Staff Formation and Retreat Day
Last Friday all Loreto Normanhurst staff were blessed and privileged to enjoy our annual Staff Formation and Retreat Day. As part of the Loreto Normanhurst community each member of staff, whether in teaching or other sectors, is called to engage with the Faith life of our Catholic, Ignatian/Loreto tradition. We are all on that journey into deeper understanding and appreciation of what is asked of us as we each play our part in the unfolding Loreto mission. So this day each year is essential to who we are and how we are. As a retreat day it is a time to step away from our usual work and to be renewed and inspired through reflection, listening, companionship, conversation and prayer. At the heart of this process is that foundational Ignatian teaching which so inspired and guided Mary Ward and which continues to guide us today, of seeking always and everywhere to see and find God in all things.
To do that this year we headed outdoors! And after the wild weather of the preceding week we were indeed blessed with a glorious day of sunshine, blue sky and gentleness. Several bushwalks in magnificent locations around Sydney were organised and small groups were formed. There in the wonder of creation we all found a perfect place and opportunity to reflect on one of the three Pathways of Loreto Normanhurst’s Strategic Plan for 2016 – 2020: Pathway 3, An Ecology-centred school. The day’s focus was also a response to one of the five ‘Calls’ of the Institute of the Blessed Virgin Mary – Call 4: ‘To live sustainably discerning what is enough’. And to guide us along this path we had that marvellous document – Pope Francis’ 2015 Encyclical, Laudato Si’, On Care For Our Common Home. As we stilled ourselves and prayerfully opened our senses, minds and hearts to the presence of God around us and within everything, we reflected on the damage human activity has caused to this glorious home and our place as we moved forward into a truly ecology-centred way of life. Pope Francis reminds us that as the natural environment deteriorates so does the human environment as we are integrally linked and are all affected, most particularly the poorest people on our planet. Concern for the environment is indeed an issue of justice.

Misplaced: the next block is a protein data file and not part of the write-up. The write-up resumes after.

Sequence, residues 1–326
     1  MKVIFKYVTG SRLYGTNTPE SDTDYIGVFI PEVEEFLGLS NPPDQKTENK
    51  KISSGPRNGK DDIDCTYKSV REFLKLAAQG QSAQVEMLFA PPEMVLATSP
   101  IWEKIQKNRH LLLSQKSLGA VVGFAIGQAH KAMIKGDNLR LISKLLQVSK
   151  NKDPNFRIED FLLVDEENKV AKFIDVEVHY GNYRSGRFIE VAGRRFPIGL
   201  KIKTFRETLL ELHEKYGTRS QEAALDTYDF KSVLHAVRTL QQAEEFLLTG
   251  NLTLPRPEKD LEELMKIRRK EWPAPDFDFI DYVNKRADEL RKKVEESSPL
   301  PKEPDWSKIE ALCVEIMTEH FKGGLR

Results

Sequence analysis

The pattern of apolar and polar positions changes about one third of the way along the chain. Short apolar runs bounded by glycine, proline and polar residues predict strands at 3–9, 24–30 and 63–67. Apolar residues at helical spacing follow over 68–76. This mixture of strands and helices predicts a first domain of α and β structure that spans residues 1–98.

It was a very powerful and moving experience to ponder these things and to listen to each other and articulate our own responses as we sat amongst the ancient rocks and trees and walked the age-old pilgrim path into a truly sacred place – and for us today, that sacred place is our own ecological conversion and our responsibility and action as we care for our environment and for each other.
Yet all is not lost. Human beings, while capable of the worst, are also capable of rising above themselves, choosing again what is good, and making a new start, despite their mental and social conditioning. We are able to take an honest look at ourselves, to acknowledge our deep dissatisfaction, and to embark on new paths to authentic freedom
Ms. Kerry McCullough
Dean of Mission